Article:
Rated PG

Taylor Leckie

Your college experience is rated PG, as Parental Guidance is will help and is advised.

I couldn’t wait to get away to college, away from my parents, and I am glad that I did. But just because I moved away from them doesn’t mean I don’t want them involved in my life.I have discovered that many UNF students want to keep their parents involved in their day-to-day life but don’t know exactly how to go about doing it. I believe they might consider it a sign of weakness or a question of their independence.Your parents might appreciate you picking up the phone, sending a text or even an email to let them know what is going on in your life. I am not saying that you have to tell what you are doing every waking moment, but you might want to let them know who you are hanging out with. Yes, that does mean giving them names of your associates. There are situations where this could save your life.

In the event that he may turn out to be some crazy psychopath, whenever I decide to go out on a date, I drop my parent’s a note. I don’t know anything about this new suitor and I don’t want to end up as a skin suit. By giving my guardians a little info, they’ll at least know where to begin the search-and-rescue mission if something were to happen to me. I don’t give them all of the details nor do I involve them in my selection process but I do let them know I am interested in someone.

I also know that they have more life experience than I do, and their words can come in handy sometimes. For example, both of my parents have graduated from college and have had careers. Isn’t that the sequence I’m attempting to follow? Even though I know things have changed since the days when they went to school, the struggles are the same: problems with roommates arise, final exams are stressful. And the desire to be independent from parents was likely just as present them. I know that I can contact them with a concern and they will help guide me to where I need to go.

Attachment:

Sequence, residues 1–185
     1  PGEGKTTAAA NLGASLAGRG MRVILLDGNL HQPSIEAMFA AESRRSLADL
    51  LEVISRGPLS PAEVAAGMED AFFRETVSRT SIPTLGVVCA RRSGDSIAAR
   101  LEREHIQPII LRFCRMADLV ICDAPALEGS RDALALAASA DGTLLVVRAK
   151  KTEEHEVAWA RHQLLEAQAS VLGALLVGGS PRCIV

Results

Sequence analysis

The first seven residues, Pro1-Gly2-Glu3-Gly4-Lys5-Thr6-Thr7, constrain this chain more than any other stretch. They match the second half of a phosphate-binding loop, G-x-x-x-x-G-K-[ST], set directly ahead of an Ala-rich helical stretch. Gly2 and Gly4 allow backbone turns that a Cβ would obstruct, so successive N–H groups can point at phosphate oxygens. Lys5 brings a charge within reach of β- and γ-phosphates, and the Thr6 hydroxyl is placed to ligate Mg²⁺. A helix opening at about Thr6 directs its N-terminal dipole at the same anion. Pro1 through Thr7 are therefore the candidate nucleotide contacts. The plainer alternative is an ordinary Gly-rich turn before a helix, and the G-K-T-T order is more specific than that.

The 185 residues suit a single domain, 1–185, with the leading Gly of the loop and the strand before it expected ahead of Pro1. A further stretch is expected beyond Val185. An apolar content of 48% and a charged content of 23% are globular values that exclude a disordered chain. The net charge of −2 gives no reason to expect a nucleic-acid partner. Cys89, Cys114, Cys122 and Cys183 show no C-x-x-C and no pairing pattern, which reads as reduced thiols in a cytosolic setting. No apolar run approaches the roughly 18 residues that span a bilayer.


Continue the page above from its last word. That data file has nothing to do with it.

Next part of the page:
Your parents know you better than anyone else. In most cases they accept you for who you are. They want you to succeed but understand when you don’t. They can make excuses for you or give you the kick in the butt you need to move forward.

Friends are a good source for these moral boosters, but it can be easier to disregard their opinions. Sometimes their words lack the weighty impact that the more authoritative voices in our lives can have. You expect both praise and tough love from your parents, and their advice often rings the clearest. Plus, according to a report from the National Center for Education Statistics, “parental involvement in school correlates with higher grade point averages.” We can all benefit from that.

Parents are also great at coming to the rescue. They are usually the ones who help you with your college funding whether it be by giving you money or helping you apply for financial aid.   I have come to discover that I don’t depend on them just for money, I also need their assistance with other aspects in my life.

Just this past weekend my car broke down. A friend tried to help, but couldn’t quite diagnose the problem. I didn’t want, or know how, to have it towed so I called my dad. He made a two-hour drive just to determine it wasn’t the starter, as my friend had suggested, then swapped out and paid for my new battery. He is my hero. This is not the first time he has saved me and I am sure it won’t be the last.

During this time of the year, when we should be grateful for our blessings, I feel as if we sometimes forget our greatest treasure. We very often take for granted that our parents will be there for us regardless if we neglect or ignore them. Take time out this season to show your appreciation to the people who raised you. If it wasn’t for the job they did, you wouldn’t be where you are today.

As the great Dr. Suess put it, “To the world you may just be one person, but to one person you may just be the world”. More than likely, you are your parents’ world. Let them be a part of yours.

Email Taylor Leckie at [email protected]